Earl, a 20-something Southern kid, is adrift in life. After his father's death, his mother - who can no longer deal with him - sends him to live with his grandmother in Memphis. His grandmother, getting senile and paranoid, turns him out on the streets of Memphis and from there his path leads him to New York City. In New York, Earl works as a hustler, then as a kept boy, but ultimately fails at both. Addicted and lost, he ends up on a train back to Omaha, where his mother keeps her door closed against him. With nowhere else to go, Earl ends up walking the grounds of a local carnival where he meets Red, an enigmatic 20-something man to whom Earl tries to attach himself, only to have Red slip away. Now the obsession with Red is the only thing driving him and Earl takes off to find this man whom he barely knows.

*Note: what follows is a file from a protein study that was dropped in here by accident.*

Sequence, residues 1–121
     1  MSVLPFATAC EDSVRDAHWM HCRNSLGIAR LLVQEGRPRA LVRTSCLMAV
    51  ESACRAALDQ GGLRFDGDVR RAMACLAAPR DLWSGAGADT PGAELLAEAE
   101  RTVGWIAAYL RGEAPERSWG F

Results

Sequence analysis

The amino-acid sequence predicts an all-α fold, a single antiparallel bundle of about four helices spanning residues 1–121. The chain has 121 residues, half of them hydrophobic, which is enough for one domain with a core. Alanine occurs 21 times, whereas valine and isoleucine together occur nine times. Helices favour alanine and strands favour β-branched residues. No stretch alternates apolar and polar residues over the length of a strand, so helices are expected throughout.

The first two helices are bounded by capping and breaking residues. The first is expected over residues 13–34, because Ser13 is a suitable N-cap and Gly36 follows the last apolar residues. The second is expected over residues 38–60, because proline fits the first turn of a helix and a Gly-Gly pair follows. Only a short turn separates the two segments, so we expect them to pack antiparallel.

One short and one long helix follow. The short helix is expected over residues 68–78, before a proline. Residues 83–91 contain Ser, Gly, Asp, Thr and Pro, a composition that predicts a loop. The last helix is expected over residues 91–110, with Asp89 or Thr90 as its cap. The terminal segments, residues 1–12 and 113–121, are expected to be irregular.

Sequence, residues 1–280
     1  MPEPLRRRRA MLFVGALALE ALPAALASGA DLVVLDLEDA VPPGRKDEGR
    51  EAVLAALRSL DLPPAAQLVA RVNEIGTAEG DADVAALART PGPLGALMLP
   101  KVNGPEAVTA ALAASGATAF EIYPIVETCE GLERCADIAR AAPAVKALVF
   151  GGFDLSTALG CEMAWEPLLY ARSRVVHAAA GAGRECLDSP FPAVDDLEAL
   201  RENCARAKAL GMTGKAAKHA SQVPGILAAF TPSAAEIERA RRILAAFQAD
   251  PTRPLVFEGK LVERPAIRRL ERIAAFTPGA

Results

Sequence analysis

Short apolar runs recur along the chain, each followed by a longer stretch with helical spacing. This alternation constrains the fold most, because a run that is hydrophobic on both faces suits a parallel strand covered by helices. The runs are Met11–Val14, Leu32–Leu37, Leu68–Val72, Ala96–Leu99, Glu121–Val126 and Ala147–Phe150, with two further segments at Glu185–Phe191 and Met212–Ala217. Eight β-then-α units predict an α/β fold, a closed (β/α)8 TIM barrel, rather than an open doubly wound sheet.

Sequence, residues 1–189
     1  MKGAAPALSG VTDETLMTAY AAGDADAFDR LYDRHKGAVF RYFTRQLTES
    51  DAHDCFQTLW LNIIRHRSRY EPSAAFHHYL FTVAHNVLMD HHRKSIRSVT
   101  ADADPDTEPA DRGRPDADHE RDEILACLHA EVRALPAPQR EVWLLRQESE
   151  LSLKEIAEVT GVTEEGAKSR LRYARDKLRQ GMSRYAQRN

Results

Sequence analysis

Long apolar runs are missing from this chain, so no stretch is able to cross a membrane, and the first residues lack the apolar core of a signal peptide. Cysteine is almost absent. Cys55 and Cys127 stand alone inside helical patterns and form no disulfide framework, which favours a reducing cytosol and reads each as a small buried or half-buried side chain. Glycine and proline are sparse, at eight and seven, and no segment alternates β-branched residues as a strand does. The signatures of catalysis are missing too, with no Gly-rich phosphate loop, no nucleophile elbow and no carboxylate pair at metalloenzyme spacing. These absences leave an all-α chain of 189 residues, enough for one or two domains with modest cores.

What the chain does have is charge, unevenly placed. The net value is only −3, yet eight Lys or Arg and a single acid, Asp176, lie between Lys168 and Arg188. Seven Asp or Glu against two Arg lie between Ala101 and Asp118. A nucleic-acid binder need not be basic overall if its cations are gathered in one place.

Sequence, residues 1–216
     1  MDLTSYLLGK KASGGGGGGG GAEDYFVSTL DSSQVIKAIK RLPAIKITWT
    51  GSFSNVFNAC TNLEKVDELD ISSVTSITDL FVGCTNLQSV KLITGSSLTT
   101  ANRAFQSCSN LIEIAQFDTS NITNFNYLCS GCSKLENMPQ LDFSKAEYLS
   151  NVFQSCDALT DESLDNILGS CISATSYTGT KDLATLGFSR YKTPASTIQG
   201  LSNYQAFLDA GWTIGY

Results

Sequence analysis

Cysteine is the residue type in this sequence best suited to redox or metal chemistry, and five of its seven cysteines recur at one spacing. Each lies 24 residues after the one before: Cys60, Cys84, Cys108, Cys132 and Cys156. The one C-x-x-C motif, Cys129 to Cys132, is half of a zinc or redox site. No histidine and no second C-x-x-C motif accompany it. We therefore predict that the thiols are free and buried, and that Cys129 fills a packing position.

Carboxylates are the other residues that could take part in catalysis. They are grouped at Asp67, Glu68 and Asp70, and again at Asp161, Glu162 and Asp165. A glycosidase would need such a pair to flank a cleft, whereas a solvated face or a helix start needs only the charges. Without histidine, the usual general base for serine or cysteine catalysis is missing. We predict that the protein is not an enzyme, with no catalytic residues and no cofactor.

As the narrative moves backward and forwards in time, Troublemaker slowly reveals the truth about Earl, his past, his family, and his driving obsession with Red. Moving, compelling, and darkly funny, Troublemaker is about dislocation, obsession, and the search for affection. Pera's debut is a tour-de-force of voice and structure, marking the emergence of a major young writer.